In 2017 Kenya annulled an election. Now Malawi has done the same and it is only the second African country to do so. Following the annulment, in the rerun election, Lazarus Chakwera triumphed against the sitting president of Malawi, Peter Mutharika, in a surprising turn of events.
In May 2019, Malawi’s incumbent Mutharika won the vote. 13 months later in an historic ruling, Malawi’s constitutional court annulled the result, citing “wide-spread, systematic and grave irregularities”. The now infamous fact emerged that TipEx was used in the first election when counting votes, with votes for the opposition literally being painted out of existence.
Chakwera led a coalition of nine opposition parties to an eventual victory, aided by a change in the electoral system. It is no longer First Past The Post (where a candidate needs a simple majority to win) to one which insists on an outright majority. At the national level, typically four national parties compete, making it rare to win an outright majority. The Judiciary’s insistence that an outright majority was the condition for election encouraged cross-party cooperation to a much greater degree than before, and Chakwera succeeded in sufficiently uniting separate opposition groups into a coherent enough alliance that voters had enough confidence in, thus delivering him a 59% vote share.
This election is unusual because the opposition succeeded in overturning a corrupt vote and ousted the incumbent. In Kenya for instance, the first election was annulled however Kenyatta (the incumbent) won in the polls again the second time.
Why was this annulment and second vote able to happen?
Malawi has been able to maintain checks and balances on the power of the president (executive) which allows for it to be more democratic. For example, Mutharika, the incumbent president, was unable to rely on the army (the Malawi Defence Force: MDF). They were instead protecting the protesting citizens and the judiciary.
A credit to the judiciary
An independent judiciary is vital for holding the executive in check. In part thanks to the army, Malawi’s legal system and its judiciary has proven it can push back against executive power and resist attempts to derail it. The past 15 months has seen Murtharika try to overturn the supreme Court’s ruling that a second election should take place. He also appealed against the change to a majority voting system. The Supreme Court rejected this. 10 days before the second vote Mutharika attempted to enforce the Chief Justice to retire prematurely, yet the High Court successfully blocked the attempt.
Malawi’s judiciary could have ‘played it safe’ and decided not to push back against the first election results. They could have been too wary of judicial over-reach and instead opted for self-censorship. Instead they did not and it has benefitted Malawi’s citizens enormously. Importantly, the court did not rule that Muthirika should not have won the first election, simply that there was clear evidence of vote tampering and so a second poll was required. This sends a clear message: only high quality, trustworthy elections will be validated.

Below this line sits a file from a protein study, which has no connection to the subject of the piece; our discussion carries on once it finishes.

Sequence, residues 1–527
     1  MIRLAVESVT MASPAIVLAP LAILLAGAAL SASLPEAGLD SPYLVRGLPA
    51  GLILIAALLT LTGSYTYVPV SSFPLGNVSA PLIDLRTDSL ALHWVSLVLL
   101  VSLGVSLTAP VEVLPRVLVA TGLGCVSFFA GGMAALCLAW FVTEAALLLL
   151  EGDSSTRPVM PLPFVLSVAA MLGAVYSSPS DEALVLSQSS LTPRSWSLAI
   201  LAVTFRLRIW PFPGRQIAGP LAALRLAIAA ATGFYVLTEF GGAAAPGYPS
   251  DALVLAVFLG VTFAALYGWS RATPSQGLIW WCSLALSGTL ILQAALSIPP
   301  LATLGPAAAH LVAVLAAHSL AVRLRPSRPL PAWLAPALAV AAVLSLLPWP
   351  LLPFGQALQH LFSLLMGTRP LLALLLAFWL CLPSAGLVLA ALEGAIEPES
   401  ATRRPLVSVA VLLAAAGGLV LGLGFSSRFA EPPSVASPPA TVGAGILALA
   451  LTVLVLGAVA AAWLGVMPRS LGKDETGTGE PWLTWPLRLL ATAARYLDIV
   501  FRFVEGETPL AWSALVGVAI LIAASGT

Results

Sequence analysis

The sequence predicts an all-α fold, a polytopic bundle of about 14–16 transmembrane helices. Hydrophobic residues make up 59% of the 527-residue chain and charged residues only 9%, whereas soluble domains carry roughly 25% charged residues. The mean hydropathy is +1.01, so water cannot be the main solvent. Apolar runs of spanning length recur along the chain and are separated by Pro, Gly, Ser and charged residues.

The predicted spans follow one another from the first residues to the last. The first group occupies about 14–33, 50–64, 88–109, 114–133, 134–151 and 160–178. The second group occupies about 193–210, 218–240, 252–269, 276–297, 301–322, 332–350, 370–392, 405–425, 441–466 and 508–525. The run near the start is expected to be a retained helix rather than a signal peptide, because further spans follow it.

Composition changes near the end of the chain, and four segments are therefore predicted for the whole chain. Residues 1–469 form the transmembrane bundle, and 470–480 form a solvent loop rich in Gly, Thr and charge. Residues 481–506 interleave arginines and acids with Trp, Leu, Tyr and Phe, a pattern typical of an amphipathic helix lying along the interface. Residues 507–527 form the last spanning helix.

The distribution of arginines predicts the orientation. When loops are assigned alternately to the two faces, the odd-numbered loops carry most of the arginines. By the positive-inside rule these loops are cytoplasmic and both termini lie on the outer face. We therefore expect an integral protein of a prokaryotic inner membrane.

It bodes well for other countries which have struggled to hold elections that the people consider legitimate.
What does the new government face?
Lazarus Chakwera, Malawi’s new president has scaled back his inauguration plans and cancelled independence day events in the wake of Covid-19. Malawi is also in a balance of payments crisis with a large current account deficit. This means its imports are far exceeding its exports and it is struggling to finance this. Persistent deficits increase its debt. Tourism this year will struggle hugely. The coalition which won the election must see if it can navigate these challenges. If it fails then the electorate will lose faith in this government and the reasoning for the judiciary to insist on impartial elections may suffer.
A report from the World Bank in 2017 suggests urbanisation will be an important next step for Malawi’s economy, helping to create more jobs in cities and towns, shifting reliance away from low paid rural work. Wealth creates wealth. As people in cities become wealthier this spurs new housing and building projects which provides more jobs. Malawi’s parents can invest in better education for their children if they themselves can start earning higher salaries.
These opportunities are matched with challenges around better property tax regulation, improving local city councils and the cash flow to them and not simply ‘moving poverty’ from rural to urban environments. If lots of people move to cities and towns then these areas should expand to accommodate them.
The second election has not been subject to the same levels of corruption and vote tampering as in 2019 and offers a reassuring suggestion that it is possible to establish democratic voting methods offering citizens a greater say in who rules them. This gives the leaders of Malawi greater legitimacy to carry out policies and election manifesto promises. The challenge remains as to whether they are able to deliver in the current economic environment.
Image - Unsplash.